Did you know?
- Nearly half the world’s population live without a 'safely managed sanitation service': a toilet, not shared with other households, that either treats or disposes of human waste on site, stores it safely to be emptied and treated off-site, or connects to a functioning sewer.
- Globally, at least 2 billion people use a drinking water source contaminated with faeces.
- Every day, over 700 children under five years old die from diarrhoea linked to unsafe water, sanitation and poor hygiene
For more information, visit the WaterAid UK website.
Water in Ethiopia
In Ethiopia, 65% of people don’t have access to clean drinking water. In this video collection we take a glimpse at the struggles Ethiopians go through each day, just to survive. We look closely at the different methods used to improve the quality of life in the rural highlands as well as the conflict between neighbouring farming villages attempting to share the same water supply. This material forms part of the OU course Environment: journeys through a changing world.
Find out more about water and sanitation
Atoms, elements and molecules are the building blocks of everything that makes up our world, including ourselves. In this free course, Water for life, you will learn the basic chemistry of how these components work together, starting with a chemical compound we are all very familiar with water.Learn more ❯Water for life
Please note, this course was written in 2003/2004 therefore some of the information is now outdated. Water is arguably the most important physical resource as it is the one that is essential to human survival. Understanding the global water cycle and how we use water is essential to planning a sustainable source of water for the future. In the UK there are areas where water supplies are limited, shown by recent droughts. Globally, there are many areas that do not have enough water to support the current population adequately. Decisions will have to be made on the best way to use water in a world where there is climate change. This free course, Understanding water quality, helps explain the options.Learn more ❯Understanding water quality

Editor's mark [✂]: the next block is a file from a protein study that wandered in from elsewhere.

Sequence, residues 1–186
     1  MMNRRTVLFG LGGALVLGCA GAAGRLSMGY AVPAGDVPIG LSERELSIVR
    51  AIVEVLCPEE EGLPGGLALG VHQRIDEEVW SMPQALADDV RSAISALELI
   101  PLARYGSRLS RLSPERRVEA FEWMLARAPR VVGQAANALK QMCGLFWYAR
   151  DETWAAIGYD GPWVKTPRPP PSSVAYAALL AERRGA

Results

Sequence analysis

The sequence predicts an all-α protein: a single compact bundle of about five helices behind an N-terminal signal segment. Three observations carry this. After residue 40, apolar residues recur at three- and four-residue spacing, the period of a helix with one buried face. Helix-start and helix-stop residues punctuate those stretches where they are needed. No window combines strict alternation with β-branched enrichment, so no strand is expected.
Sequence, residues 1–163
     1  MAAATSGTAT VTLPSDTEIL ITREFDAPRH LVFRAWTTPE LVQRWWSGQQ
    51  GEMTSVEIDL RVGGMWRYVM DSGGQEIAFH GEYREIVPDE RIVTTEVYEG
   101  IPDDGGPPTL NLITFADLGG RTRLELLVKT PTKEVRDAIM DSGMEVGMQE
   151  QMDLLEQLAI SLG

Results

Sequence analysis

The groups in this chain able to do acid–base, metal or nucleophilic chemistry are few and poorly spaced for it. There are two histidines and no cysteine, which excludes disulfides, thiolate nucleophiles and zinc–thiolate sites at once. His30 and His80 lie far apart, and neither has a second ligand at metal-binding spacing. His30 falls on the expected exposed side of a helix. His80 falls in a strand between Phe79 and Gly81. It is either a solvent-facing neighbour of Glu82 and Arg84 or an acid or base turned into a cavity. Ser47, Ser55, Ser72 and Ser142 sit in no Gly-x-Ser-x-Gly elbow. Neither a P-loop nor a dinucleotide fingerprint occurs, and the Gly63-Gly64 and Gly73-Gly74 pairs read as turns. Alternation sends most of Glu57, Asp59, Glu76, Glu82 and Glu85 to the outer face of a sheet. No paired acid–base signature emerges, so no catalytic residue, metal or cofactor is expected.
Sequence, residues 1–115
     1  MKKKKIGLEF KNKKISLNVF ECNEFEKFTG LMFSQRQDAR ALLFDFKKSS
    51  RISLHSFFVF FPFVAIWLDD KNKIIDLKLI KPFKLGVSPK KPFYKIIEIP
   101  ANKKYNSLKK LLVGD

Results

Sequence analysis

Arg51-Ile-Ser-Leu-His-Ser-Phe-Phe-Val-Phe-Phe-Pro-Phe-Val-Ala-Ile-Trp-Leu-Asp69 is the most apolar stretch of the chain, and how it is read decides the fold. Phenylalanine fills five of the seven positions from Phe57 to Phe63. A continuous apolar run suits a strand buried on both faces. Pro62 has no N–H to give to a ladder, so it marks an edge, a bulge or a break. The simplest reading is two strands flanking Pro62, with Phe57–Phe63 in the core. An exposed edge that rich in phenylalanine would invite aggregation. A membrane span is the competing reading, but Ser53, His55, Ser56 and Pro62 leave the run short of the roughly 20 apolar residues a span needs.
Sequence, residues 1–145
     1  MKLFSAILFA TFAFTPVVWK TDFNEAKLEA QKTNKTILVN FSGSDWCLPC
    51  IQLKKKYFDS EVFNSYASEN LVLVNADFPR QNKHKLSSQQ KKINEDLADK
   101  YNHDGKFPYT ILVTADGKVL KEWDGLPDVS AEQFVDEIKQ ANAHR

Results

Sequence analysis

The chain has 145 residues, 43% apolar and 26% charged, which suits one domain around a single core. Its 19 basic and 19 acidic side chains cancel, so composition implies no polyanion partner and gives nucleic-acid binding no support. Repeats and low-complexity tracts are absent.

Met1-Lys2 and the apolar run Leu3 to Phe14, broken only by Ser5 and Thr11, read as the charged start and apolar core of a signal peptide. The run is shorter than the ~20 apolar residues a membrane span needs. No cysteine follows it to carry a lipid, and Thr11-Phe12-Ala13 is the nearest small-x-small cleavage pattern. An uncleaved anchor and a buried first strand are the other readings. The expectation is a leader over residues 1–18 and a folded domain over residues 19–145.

Water is a natural resource that is vital for human survival and health, although only a tiny fraction of the Earth's supply is available to humans and terrestrial animals. In this free course, Water and human health, we look at threats, such as pollution, to water's capacity to support life around the world.Learn more ❯Water and human health
Do you think about where your water comes from? In the UK each of us uses an average of about 150 litres of water per day! The seven video tracks in this album consider issues of demand and quality in water supply as well as treatment processes. They give information on methods of minimising waste, emergency water treatment and effluent control. This material forms part of T308 Environmental monitoring, modelling and control.Listen now ❯Water Treatment
Have you thought about the journey water makes to get to your taps? What processes has it undergone to make it safe to drink? The tracks in this album examine issues of water supply and treatment in the UK, where each of us uses approximately 150 litres a day! We hear from different parties involved in water management including the bodies representing the consumer, the environment, and the suppliers. The scope of the discussion ranges from wastage and emergency treatment to recycling and effluent control. In two bonus audio tracks, OU lecturer Dr Suresh Nesaratnam explains why the case studies were selected and gives an overview of the academic context in which water supply and treatment is studied. This material forms part of The Open University course T210 Environmental control and public health.Listen now ❯Water supply and treatment in the UK
Without it we are dead! Water is essential, but what processes must it go through to become fit for human consumption? This free course, Potable water treatment, will guide you through the continuous cycling of water between land, open water surfaces and the sea before moving on to an overview of the water treatment and supply process.Learn more ❯Potable water treatment
Do you want to know what’s in the water that you drink? This free course, What chemical compounds might be present in drinking water?, examines the chemical compounds that occur in drinking water. A high level of certain anions in water can cause environmental pollution and health problems. Cations are also important. For example, calcium salts contribute to the hardness of water and water treatment uses aluminium compounds. Additionally oxidising agents, such as ozone or chlorine, are vital in the disinfection of water. This OpenLearn course focuses on the chemistry of the p-block elements in Groups 13 to 18 of the Periodic Table.Learn more ❯What chemical compounds might be present in drinking water?
The Open University under Creative Commons BY-NC-ND 4.0 license
Is there a link between cultural background and water consumption?
Using smart water meters, Sophie Watson, Professor of Sociology at the Open University, has identified water usage trends based on a variety of demographics.Watch now ❯Is there a link between cultural background and water consumption?
Become an OU student
Interested in the environment or international development? Take a look at the online prospectus to discover the many courses and qualifications The Open University has available in these subject areas.